AOC is preparing a stunning new 44.5-inch OLED gaming monitor for launch. Earlier today the website Display Specifications caught a whiff of the AOC Agon AG456UCZD and its specs, with highlights such as a 240 Hz refresh rate, a wide color gamut, an immersive 800R curve, and a 0.03 ms response time - in addition to the usual OLED goodness.
It is unusual to see such a large and wide monitor with a tight curvature like this. AOC’s Agon AG456UCZD offers a 44.5-inch diagonal and if you sit quite close, like a typical desktop PC user with a chair and desk, its 800R curve will comfortably fill your field of vision. If you kick back a little, you might also appreciate the Agon’s rear spilling out ambient lighting via a LightFX module which supports “up to 100,000 colors and 14 light shows,” according to the source.
For those who like what they hear so far, there are plenty more goodies. The OLED panel, for example, offers 10-bit color with 98.5% DCI-P3 gamut coverage and a Delta E<2. Peak brightness is up to 1,000 nits, and peak contrast is up to 1.5M:1, according to the specs we have seen. Also, the monitor is TÜV Rheinland Low Blue Light Hardware Solution Platinum Certified, boasts a flicker-free and Eyesafe Display 2.0 certification, and has an anti-glare low-reflection coating.
Performance looks top-notch too. Evidence of great gaming credentials comes via the aforementioned 240 Hz refresh rate and 0.03 ms response time. That won’t be all though, we expect a full complement of Agon gaming features built into this monitor too, like FreeSync Premium, low input lag, motion blur reduction, shadow control, hardware crosshair, frame counter, gaming genre presets, and configuration / customization via AOC’s G-Menu.
Pixel Density Doesn’t Impress
One weakness of this new AOC monitor might be its pixel density. Across its expansive 44.5-inches it only offers 3440 x 1440 pixels. According to our calculations that is 83.80 PPI. For some perspective, that is only a little better than a 27-inch FHD monitor (81.59 PPI).
Beyond the display panel, the supporting specs of the AOC Agon AG456UCZD look solid. This model sports a KVM Switch (for multi-system users) which includes a uniform brightness feature. Picture-in-Picture (PiP) and Picture-by-Picture (PiP) modes are supported for busy multitaskers.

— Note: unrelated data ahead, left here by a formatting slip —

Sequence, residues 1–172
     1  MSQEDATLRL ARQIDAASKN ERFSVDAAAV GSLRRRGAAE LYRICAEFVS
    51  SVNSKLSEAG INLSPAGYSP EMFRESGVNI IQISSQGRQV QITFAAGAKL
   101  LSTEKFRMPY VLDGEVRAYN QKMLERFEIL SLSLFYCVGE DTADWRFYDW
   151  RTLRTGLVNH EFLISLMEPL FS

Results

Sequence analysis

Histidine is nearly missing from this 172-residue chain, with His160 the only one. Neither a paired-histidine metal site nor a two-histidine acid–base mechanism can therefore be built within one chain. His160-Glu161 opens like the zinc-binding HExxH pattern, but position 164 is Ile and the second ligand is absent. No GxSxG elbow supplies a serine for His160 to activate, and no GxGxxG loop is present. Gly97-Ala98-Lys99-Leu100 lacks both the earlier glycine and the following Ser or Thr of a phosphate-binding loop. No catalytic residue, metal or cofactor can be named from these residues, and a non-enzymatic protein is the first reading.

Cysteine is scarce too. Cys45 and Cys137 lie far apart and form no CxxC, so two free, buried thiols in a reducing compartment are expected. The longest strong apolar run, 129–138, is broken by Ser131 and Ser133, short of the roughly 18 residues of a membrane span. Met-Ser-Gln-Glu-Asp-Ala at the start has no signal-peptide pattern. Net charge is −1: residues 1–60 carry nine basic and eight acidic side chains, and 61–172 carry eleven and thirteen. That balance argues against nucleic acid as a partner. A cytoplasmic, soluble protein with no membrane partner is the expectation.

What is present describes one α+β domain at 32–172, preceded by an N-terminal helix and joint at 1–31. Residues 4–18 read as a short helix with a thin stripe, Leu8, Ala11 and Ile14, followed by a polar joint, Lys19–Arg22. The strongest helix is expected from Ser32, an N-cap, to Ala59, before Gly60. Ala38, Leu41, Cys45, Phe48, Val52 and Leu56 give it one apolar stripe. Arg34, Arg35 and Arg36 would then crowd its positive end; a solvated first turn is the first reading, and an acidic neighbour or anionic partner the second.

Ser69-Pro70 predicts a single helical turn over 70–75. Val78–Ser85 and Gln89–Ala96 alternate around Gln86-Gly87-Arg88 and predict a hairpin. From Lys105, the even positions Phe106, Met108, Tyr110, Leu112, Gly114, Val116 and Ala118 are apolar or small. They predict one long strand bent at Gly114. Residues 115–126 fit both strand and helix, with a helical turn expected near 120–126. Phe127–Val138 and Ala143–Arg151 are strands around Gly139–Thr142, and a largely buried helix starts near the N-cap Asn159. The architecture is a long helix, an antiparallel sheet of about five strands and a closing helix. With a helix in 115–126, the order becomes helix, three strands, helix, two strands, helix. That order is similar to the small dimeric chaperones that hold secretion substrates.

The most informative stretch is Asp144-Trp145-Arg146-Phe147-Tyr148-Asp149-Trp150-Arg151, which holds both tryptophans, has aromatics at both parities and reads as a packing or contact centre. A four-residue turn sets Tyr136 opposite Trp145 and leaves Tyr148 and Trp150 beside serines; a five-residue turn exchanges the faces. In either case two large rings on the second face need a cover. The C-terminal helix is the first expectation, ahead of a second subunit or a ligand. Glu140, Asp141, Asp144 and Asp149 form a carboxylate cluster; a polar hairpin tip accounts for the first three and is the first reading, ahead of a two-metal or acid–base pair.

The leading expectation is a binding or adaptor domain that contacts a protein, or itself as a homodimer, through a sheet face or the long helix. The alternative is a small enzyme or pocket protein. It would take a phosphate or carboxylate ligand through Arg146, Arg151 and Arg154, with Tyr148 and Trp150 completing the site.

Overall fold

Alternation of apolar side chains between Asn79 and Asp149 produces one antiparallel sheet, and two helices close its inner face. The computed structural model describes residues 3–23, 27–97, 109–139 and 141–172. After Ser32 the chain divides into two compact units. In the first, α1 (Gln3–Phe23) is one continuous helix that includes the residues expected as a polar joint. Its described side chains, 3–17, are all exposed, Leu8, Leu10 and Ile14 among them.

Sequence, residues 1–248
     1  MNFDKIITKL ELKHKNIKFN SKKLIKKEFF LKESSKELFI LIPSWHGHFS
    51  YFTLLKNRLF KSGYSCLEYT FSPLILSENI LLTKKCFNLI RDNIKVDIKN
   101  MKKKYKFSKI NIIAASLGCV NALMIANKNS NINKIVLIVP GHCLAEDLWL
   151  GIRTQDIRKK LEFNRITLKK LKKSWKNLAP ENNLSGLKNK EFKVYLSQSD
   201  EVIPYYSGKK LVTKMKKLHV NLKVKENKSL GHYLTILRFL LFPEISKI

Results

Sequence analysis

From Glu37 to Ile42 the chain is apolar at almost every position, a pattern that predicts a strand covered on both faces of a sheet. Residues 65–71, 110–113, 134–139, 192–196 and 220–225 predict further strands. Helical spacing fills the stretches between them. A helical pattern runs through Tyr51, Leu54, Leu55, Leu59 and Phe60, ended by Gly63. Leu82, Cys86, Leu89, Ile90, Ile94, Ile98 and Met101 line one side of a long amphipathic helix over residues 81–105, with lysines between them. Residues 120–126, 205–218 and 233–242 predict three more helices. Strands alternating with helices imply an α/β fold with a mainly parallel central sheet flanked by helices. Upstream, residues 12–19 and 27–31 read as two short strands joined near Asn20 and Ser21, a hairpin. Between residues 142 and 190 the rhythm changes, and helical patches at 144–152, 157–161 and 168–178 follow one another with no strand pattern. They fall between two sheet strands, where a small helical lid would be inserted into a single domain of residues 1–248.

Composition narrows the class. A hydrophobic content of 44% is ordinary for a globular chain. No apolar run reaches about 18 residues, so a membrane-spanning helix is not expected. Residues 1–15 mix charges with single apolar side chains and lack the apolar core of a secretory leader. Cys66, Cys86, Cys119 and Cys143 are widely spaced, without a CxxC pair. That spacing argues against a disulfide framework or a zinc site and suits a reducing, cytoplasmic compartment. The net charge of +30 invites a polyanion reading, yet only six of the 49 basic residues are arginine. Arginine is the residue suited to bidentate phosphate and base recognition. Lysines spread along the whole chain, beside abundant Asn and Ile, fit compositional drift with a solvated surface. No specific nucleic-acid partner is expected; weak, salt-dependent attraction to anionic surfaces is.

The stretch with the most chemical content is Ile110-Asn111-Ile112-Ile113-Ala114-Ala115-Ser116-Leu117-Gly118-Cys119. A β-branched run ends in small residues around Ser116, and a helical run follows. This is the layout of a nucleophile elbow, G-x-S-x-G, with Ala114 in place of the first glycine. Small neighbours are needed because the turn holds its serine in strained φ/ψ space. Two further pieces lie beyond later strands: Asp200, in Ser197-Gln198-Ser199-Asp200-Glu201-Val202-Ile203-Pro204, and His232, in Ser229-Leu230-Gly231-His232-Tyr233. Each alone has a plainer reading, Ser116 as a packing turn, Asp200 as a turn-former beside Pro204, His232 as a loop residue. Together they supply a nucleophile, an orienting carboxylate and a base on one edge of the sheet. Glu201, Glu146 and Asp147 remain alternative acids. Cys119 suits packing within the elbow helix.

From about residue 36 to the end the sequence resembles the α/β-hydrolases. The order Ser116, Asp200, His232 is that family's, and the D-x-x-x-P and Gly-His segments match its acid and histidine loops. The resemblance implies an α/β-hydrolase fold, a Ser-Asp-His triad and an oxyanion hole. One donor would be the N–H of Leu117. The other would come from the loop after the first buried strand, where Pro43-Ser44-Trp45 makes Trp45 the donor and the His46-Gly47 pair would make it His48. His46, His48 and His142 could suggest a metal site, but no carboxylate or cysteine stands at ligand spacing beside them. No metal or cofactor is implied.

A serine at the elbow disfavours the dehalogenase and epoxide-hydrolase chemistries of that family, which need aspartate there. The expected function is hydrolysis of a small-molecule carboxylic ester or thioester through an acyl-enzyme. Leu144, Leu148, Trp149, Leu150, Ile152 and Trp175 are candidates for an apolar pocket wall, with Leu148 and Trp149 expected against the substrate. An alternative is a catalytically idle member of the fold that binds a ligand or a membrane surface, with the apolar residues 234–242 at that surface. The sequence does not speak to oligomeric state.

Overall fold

Because this monitor has a KVM, you won’t be surprised by the plethora of connectivity options. Users have access to two HDMI 2.0 ports, a DP 1.4 port, a USB Type-C port that supports 90W power delivery and DP-Alt, four USB 3.2 Gen 1 Type-A ports, one USB 3.2 Gen 1 Type-B port, and a headphone jack. On the topic of audio, this Agon also has built-in stereo 8W speakers.
AOC has fitted a fully adjustable stand to the Agon AG456UCZD. It affords adjustments to three parameters: +/-15 degrees of swivel, -5 to 15 degrees tilt, and up to 100 mm of height adjustment. If you don’t like it, rest assured the AG456UCZD can be fitted to a 100 x 100 VESA mount of your choice.
At the time of writing, we don’t have information about the availability or pricing of the new Agon AG456UCZD. AOC should send out an official news release about this gaming monitor shortly. A reasonable price would be around the $1,600 mark, like the Acer on offer a few weeks ago. An official Agon AG456UCZD product page isn’t yet available on AOC’s website.
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Mark Tyson is a Freelance News Writer at Tom's Hardware US. He enjoys covering the full breadth of PC tech; from business and semiconductor design to products approaching the edge of reason.
$1600 for this? I got a 49" Samsung G9 thats much higher res and larger for similar MSRP, but on sale for far less.Reply
Is there some manufacturing or cost benefit to building screens that are super wide? I have a hard time believing people actually want super-short and super-wide screens.Reply
brandonjclark said:Is there some manufacturing or cost benefit to building screens that are super wide? I have a hard time believing people actually want super-short and super-wide screens.
Assuming the goal is immersion, a wide monitor fills peripheral vision better than, say, three monitors because there's no distracting border.
Right, I get that. But with a really short vertical height isn't it like squinting your eyes?andrep74 said:Assuming the goal is immersion, a wide monitor fills peripheral vision better than, say, three monitors because there's no distracting border.